Called back from retirement, art sleuth Carmen De Luca is on assignment, tasked with verifying the medieval prayer book owned by Harold Moreau is, in fact, stolen. Plans go awry when a bookshelf falls as Harold is showing off his collection to Carmen. When she regains consciousness she finds Harold dead and the prayer book gone. A raging storm prevents the arrival of the police as it also stops anyone from leaving. Someone at the villa must be the culprit, but who? Carmen will do what she can to recover the book and in doing so may solve a murder too.
I love the premise of the Carmen De Luca Art Sleuth Mystery series; tracking down stolen artwork so that it can be returned to the rightful owner. I also appreciate the fact that Carmen is a mature protagonist. I really enjoyed learning about the medieval prayer books and could easily visualize these little treasures.
Even though Carmen has a great backstory and the characters are interesting, I found them to be two dimensional. They never drew me in and I found that I didn't really care about any of them. I did, however, like Detective Nobel and felt his character had a lot of promise.
One thing really bothered me, something the author should have known or an editor should have caught. A song was described that was obviously Cat's in the Cradle. However, the author called it Cat's Cradle and said it was by Cat Stevens. Cat Stevens never wrote a song entitled Cat's Cradle (although he did have a compilation album by that title- but there is no song by that name on it). Harry Chapin wrote Cat's in the Cradle.
COLLECTING CAN BE MURDER brings great artwork and mystery together in this new series.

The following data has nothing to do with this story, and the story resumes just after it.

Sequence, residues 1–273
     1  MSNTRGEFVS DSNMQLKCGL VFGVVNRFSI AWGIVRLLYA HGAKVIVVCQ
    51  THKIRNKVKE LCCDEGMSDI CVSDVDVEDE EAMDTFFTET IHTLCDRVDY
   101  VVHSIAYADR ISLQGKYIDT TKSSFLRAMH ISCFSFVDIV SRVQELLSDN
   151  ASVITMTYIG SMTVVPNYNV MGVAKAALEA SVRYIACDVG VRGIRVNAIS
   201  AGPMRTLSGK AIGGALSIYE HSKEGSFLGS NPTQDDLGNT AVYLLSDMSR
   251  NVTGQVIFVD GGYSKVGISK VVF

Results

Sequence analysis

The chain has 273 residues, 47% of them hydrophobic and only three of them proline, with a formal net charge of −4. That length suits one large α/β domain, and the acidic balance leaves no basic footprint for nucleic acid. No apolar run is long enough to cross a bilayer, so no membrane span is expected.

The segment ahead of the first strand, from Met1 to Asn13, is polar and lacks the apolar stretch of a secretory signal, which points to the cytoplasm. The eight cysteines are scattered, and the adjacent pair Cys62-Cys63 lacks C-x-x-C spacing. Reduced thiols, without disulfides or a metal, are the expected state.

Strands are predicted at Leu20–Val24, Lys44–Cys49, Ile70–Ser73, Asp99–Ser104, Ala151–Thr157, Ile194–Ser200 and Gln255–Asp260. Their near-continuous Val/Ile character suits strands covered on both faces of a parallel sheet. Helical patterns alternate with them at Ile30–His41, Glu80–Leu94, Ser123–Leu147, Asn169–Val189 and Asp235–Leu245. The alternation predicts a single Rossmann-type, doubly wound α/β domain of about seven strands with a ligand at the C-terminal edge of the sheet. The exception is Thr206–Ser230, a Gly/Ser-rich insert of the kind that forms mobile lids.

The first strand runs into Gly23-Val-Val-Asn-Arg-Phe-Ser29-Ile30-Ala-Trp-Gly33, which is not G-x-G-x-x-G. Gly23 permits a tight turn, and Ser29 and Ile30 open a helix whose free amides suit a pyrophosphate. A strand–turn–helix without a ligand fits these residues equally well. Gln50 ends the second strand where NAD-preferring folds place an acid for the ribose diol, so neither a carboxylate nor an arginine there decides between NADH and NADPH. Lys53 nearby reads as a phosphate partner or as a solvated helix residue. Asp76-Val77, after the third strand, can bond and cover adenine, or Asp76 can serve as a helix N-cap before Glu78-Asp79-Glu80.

Collecting Can Be Murder (Carmen De Luca Art Sleuth Mysteries) by Jennifer S. Alderson
About Collecting Can Be Murder
Cozy Mystery 1st in Series
Setting - France
Traveling Life Press (May 31, 2023)
Approximately 250 Pages
Coming out of retirement can be deadly…
After tragedy struck three years earlier, art sleuth Carmen De Luca vowed to never work in the field again. But fifty is too young to fill her days with water aerobics and bingo, so when her former partner calls and begs for her help, Carmen gladly agrees.
Yet after their first assignment – the recovery of a rare medieval prayer book from an eccentric collector living in rural France – goes horribly wrong, Carmen ends up in the crosshairs of both the local police and a murderer!
With her target dead and the stolen book missing, she and her partner will have to pull out all of the stops to sleuth out the true killer’s identity – before their stay in France becomes permanent.
Introducing Carmen De Luca, an art sleuth with a nose for mystery and the job of locating valuable artwork stolen from museums around the world. If you love strong and resourceful heroines, puzzling mysteries, and a dash of art history, pick up Collecting Can Be Murder now!
Carmen De Luca Art Sleuth Mysteries: Book One: Collecting Can Be Murder Book Two: A Statue To Die For More adventures coming soon!
These mysteries contain no graphic violence, sex, or strong language.